Mark Bridge writes:
“Mobile operators track who you call. In other news, banks know how much money is in your account and utility companies know where you live.”
At the end of a week in which so-called ‘spyware’ on mobile phones had been creating headlines, this tweet from Benedict Evans offered an alternative perspective.
The story started when security researcher Trevor Eckhart pointed out that diagnostic software from Carrier IQ was installed on millions of smartphones and could - theoretically - be used to monitor an individual’s usage. Carrier IQ threatened legal action before withdrawing its threat and apologising.
But what does this mean to customers in the UK?
Very little, it seems.
Some versions of the Apple iPhone may have Carrier IQ installed, although the iOS software appears not to monitor the keyboard, only sends reports to Apple and can be switched off.
Most other reports have been outright denials. HTC says the software is on some US devices but not on any European phones. O2, Orange and Vodafone say they don’t install the software on any UK devices and don’t believe it’s pre-installed on anything they sell. Google says its Android-based Nexus One, Nexus S and Galaxy Nexus handsets aren’t affected. Nokia and BlackBerry say they don’t install or authorise Carrier IQ for their phones.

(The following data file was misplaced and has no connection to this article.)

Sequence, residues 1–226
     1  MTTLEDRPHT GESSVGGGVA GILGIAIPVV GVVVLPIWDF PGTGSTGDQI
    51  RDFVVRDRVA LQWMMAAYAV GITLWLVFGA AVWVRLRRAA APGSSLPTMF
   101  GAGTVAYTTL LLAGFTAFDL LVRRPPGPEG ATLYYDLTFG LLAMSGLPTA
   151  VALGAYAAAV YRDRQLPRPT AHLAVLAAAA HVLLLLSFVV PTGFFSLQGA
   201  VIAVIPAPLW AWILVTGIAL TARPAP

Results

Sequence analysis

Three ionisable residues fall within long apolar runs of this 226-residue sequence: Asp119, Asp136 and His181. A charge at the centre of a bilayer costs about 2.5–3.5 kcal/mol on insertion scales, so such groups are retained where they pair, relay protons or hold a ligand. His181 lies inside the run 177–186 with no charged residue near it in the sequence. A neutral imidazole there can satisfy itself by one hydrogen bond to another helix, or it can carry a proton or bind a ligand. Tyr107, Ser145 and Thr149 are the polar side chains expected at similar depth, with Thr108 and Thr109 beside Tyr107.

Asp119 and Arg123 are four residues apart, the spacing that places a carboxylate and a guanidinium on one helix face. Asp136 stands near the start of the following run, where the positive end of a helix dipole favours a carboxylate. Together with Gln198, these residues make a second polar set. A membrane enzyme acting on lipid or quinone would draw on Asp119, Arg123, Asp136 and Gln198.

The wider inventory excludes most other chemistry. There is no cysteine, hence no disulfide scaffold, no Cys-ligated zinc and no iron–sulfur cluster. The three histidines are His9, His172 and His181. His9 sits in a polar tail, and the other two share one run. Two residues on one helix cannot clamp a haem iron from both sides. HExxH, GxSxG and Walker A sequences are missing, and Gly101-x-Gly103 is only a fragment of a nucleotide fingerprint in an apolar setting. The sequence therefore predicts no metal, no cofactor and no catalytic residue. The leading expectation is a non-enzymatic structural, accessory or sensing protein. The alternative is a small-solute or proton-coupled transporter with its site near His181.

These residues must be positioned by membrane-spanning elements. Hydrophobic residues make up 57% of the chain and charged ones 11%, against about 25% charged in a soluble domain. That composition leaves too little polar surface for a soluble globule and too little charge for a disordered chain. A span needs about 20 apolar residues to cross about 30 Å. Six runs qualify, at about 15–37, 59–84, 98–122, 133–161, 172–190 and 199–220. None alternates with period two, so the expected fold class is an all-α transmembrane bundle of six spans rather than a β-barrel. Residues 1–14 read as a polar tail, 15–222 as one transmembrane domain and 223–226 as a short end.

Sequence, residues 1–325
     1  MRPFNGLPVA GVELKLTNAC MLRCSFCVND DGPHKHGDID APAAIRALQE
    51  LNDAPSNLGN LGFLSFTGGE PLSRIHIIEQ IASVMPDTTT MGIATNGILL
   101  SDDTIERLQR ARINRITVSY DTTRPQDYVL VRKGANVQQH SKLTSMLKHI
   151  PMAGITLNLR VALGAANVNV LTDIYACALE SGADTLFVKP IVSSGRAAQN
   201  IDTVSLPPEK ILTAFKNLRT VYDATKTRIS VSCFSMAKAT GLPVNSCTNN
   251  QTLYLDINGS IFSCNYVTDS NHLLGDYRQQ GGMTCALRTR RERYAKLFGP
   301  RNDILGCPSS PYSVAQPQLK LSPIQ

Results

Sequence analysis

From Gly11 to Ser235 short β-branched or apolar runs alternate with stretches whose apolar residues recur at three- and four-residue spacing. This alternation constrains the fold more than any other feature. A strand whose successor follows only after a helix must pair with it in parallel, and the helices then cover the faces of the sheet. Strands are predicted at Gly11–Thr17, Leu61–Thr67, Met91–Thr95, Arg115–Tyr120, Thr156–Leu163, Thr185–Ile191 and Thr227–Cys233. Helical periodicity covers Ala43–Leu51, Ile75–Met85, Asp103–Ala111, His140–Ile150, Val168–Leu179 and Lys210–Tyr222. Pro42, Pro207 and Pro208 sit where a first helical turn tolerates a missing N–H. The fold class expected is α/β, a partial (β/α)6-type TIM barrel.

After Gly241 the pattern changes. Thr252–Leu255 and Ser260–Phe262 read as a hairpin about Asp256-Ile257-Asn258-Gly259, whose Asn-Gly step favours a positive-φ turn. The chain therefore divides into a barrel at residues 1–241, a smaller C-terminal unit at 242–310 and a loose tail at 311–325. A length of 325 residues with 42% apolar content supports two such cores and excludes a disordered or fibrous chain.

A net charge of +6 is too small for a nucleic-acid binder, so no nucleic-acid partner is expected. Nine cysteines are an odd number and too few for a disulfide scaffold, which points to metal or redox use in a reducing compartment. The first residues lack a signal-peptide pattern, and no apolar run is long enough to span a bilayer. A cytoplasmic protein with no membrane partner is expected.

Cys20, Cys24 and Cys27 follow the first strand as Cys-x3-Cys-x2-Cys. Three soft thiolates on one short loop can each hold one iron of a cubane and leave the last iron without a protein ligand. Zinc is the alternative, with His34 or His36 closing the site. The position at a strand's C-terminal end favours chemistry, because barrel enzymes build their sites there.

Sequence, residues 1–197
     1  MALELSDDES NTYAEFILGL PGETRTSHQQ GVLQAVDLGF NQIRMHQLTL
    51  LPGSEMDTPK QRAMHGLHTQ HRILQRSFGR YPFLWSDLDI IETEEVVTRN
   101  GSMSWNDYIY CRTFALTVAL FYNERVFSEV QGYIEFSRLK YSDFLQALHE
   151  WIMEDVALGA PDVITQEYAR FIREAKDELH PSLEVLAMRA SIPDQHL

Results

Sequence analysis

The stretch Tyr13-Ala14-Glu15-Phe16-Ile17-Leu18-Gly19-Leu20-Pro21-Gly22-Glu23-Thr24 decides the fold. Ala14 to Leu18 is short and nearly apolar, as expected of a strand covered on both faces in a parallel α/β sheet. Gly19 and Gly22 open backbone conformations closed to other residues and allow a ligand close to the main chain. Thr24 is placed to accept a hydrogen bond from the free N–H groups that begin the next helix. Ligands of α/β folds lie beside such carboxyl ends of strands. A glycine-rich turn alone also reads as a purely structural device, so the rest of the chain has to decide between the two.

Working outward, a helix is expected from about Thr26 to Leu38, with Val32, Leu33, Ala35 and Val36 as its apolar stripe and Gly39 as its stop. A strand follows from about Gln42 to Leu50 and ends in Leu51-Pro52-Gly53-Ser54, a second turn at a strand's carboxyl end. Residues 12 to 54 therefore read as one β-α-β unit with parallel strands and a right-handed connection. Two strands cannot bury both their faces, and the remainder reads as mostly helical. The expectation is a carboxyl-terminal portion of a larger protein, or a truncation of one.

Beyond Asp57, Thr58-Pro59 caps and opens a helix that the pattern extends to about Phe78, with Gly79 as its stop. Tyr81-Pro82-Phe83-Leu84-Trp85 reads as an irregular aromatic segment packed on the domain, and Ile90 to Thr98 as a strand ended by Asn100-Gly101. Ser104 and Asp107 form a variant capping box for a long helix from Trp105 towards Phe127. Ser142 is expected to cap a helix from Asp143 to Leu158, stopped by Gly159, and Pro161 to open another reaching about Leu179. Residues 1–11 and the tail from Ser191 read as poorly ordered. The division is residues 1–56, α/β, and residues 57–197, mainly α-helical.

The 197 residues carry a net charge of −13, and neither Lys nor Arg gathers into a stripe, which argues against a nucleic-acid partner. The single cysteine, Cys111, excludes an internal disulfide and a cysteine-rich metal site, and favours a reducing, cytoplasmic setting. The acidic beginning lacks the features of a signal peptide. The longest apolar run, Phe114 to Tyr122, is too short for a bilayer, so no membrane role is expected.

Yes, there are loopholes in some of those statements - for example, just because RIM doesn’t install an app doesn’t mean that a network doesn’t do it later - but I’d say they were largely reassuring.
Perhaps most importantly - and, as you know, I’m not a lawyer - Carrier IQ appears to be illegal under European law. Again, it’s no guarantee… but I’d say we Brits don’t have too much to worry about.
Well, not when it comes to Carrier IQ, anyway. Now, let’s talk about the Euro…
[More details: BBC News; TechCrunch.com; guardian.co.uk; Forbes.com; TheVerge.com; arstechnica.com]